Being the largest U.S. automaker, GM simply couldn’t afford to pass up on the opportunity to exploit country’s bicentennial back in ’76. Like Ford, however, they remained rather reserved, pushing only 500 or so of these pickup truck special editions into the market. Most were blue/white or white/blue, but it seems that light blue models with red, white and blue side body stripe were also available.
All of them got the same interior styling, though, which consisted of “Spirit of ’76” emblems on door panels and red, white and blue vinyl seat treatment. That was basically all there was to them. Otherwise, they were all built on the same Bonanza custom trim which added special fender callouts, wheel covers, a chrome grille, color-keyed carpets, air conditioning, etc.
1976 GMC Impact Edition
Impact edition of the GMC Sierra is extremely easy to confuse with the aforementioned Spirit of ’76 edition. Apart from being marketed in the same year, the Impact Edition featured a red white and blue strobe side body and hood stripes that were usually associated with Mopar’s Spirit of ’76 editions. Furthermore, Impact Edition pickups also resemble the 1975 Indy truck from which they got the stripes. Thing was, the Impacts were also available with all-red stripes. And they were actually converted by the Motortown Corporation out of Dearborn, Michigan.
Aside from the 1975 Indy truck stripes, the package itself included a revised functional front air dam, front and rear wheel flares, and dual custom outside mirrors. Optional equipment and features like a roof air deflector, painted cargo bed, and Delco AM/FM stereo units were also available Impact Edition could have been ordered exclusively with wideside half-ton and three-quarter ton trucks.
1972 Chevrolet Highlander Pickup
Highlander was nothing other than a unique plaid upholstery package available on 1972 Chevy Suburban, Blazer and Pickups. However, it was extremely rare to begin with and only handful seat covers have likely survived 45 years of servitude, if any. Helping circumstance is the fact that the Highlander package was available with any Chevy pickup size imaginable.
There were four color options for this tartan upholstery: blue, gray, avocado green, and orange. Only requirement was the Custom DeLuxe Z62 RPO trim with which came a chrome front bumper, a power steering, a Turbo-Hydramatic transmission, an A/C unit, and special wheel covers in C10 pickups or chrome hubcaps in larger C20 and C30 trucks.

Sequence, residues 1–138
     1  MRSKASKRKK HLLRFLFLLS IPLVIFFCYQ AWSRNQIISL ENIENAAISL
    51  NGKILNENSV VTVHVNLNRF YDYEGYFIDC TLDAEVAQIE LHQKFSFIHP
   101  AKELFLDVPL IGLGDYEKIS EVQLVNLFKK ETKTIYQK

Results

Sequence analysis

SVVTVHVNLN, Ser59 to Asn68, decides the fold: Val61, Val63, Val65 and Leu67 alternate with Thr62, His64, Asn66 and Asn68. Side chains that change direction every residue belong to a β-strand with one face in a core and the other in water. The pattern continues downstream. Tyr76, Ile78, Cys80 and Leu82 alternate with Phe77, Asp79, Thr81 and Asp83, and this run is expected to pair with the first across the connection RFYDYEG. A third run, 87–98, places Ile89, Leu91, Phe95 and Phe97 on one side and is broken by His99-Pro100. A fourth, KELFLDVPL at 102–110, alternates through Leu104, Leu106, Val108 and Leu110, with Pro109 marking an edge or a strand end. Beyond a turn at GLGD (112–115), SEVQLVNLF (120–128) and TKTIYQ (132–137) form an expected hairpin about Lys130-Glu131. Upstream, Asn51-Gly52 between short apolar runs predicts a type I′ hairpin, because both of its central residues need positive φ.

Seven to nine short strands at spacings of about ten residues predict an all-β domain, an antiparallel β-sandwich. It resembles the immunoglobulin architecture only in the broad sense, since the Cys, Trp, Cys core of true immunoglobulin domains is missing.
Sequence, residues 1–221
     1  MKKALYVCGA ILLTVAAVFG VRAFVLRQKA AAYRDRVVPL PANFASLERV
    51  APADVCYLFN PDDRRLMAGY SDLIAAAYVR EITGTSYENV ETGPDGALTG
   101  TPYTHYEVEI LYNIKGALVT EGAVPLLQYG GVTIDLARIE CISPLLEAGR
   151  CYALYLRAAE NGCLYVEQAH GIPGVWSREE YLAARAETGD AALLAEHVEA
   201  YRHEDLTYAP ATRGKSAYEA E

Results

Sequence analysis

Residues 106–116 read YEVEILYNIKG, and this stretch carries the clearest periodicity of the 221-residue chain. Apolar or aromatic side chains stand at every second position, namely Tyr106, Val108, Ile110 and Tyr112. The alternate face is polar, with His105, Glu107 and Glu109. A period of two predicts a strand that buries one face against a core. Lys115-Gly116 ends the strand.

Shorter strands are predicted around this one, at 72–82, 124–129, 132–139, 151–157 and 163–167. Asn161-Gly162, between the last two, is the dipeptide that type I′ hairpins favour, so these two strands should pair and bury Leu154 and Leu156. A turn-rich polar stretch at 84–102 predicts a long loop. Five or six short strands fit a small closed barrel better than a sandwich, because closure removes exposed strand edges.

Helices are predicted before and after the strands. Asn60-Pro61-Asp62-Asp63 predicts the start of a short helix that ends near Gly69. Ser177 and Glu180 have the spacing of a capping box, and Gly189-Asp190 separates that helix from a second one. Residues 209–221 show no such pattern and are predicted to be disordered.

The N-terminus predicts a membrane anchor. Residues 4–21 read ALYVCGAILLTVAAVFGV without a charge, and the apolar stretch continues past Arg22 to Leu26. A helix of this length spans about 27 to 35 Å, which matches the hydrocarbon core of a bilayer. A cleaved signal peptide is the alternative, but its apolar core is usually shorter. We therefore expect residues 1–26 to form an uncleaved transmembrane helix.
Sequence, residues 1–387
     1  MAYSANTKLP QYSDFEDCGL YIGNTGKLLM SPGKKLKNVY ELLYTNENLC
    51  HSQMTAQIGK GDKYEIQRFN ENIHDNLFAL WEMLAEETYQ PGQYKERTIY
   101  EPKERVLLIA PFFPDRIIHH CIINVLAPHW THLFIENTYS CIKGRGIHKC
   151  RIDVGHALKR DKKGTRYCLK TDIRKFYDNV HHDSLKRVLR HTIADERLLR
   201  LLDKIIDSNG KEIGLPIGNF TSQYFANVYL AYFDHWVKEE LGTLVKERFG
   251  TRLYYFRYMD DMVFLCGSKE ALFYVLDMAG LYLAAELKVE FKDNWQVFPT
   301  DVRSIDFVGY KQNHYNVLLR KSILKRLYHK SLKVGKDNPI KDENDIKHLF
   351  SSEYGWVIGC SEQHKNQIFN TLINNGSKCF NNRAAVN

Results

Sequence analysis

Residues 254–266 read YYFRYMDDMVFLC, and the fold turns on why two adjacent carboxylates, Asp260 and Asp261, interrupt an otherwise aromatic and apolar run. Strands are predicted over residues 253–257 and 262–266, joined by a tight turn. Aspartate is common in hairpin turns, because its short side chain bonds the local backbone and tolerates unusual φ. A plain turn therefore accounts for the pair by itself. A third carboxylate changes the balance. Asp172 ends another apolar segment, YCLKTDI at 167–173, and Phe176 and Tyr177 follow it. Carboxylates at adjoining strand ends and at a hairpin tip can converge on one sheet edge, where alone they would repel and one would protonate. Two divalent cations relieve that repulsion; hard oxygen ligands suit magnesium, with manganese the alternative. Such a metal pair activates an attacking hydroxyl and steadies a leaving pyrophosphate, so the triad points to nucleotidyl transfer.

1998 Ford F-150 NASCAR
The F-150 NASCAR special edition was released upon Blue Oval’s inaugural year of their 5-year sponsorship deal with the NASCAR. There were a total of 3,000 of these all-black trucks made, and they all sported a checkered flag stripe with NASCAR official truck emblem near the rear end of the bed. They also got color-matching 16-inch aluminum wheels, Roush dual stainless-steel exhaust tips, and a front air dam.
All were powered by a 4.6L Triton V8 mill capable of making 220 horsepower back then. Ford has managed to complete the entire project in just 17 weeks, but then again, the F Series was already well into its tenth generation at the time. This special edition commemorated both NASCAR’s and F Series’ fiftieth anniversary, and it commemorated it in style.
1977 GMC Sarge
The Sarge was another one of square body special editions that wasn’t limited exclusively to the pickup truck series. It also appeared on the GMC Vandura van and the GMC General class 8 trucks. GMC Sierra Sarge was, however, the smallest vehicle of the three. To make it somewhat more imposing, GM limited the Sarge package to larger three-quarter ton trucks. Both the rear and four-wheel drive were still available, though.
Like so many special edition trucks from the seventies, the Sarge too sported a set of multi-colored stripes. Three-tone red, brown, orange stripe was a welcome addition to its silver paint job. Hood sported an ornament, while rear-quarter panel boasted Sarge lettering and railings which stretched across the top of the bed. Finally, the package was completed with forged aluminum wheels and blue a collar interior with a flashy leather-wrapped sport steering wheel.
1989-1991 Dodge Dakota Sport Convertible
When Dodge unveiled convertible version of their mid-size truck in 1989, with the help from the American Sunroof Corporation, it became America’s first convertible pickup since the Ford Model A. The 1989 Dodge Dakota Sport Convertible was powered by a 3.9L V6 mill with 125 horsepower, while 1990 and 1991 units received an additional engine options. These models were dubbed the SE, and they drew power from a 99-horsepower 2.5L 4-cylinder K engine.
The Dakota Sport Convertible came with features such as an integral padded sport roll bar, 15-inch cast aluminum wheels, and power everything. Dodge sold 2,842 of them in 1989, another 909 in 1990, and, apparently, only 8 units in 1991. The latest are sure to become classic collectibles and they were only produced in order for the ASC to complete its contract.
1965 Chevrolet El Camino L79
The fabled L79 RPO package hidden behind the small-block 327 cu in V8 is arguably one of the rarest Chevrolet option codes in existence. Very few vehicles were fitted with these underdog engines and the 1965 El Camino is the rarest of the lot. The exact number of original L79 Elkys escapes us, but less than 10 of them have been accounted for in the L79 registry.
The 350-horsepower small-block was a rocket anywhere between 2,400 rpm and 5,800 rpm. Chevelles and Corvettes were a match made in heaven for the wee L79, but the El Camino wasn’t exactly undesirable as well. The rest of the L79 setup often consisted of a Holley 3806 carburetor and a Muncie 4-speed transmission with a positraction rear end.
1978-1980 GMC Street Coupe
Like a few other square body pickup truck special editions, the Street Coupe also wasn’t exclusively limited to trucks. It found its way to Jimmys and Suburbans as well. No matter where it wound up, the Street Coupe package always came in a two-tone ZY5 paint scheme. The GMC Street Coupe pickup trucks also featured a hood ornament and recognizable stripes.
Despite being available for a while, the Street Coupe was a pricey option, hence many potential buyers decided against going with one. Moreover, it wasn’t really made for off-roading – being on the plushy side and all. Finally, it was only available with two engines: the 140-horsepower 350 cu in V8 and the 205-horsepower 454 cu in V8. That’s likely another reason why some people decided to look elsewhere for their daily workhorse.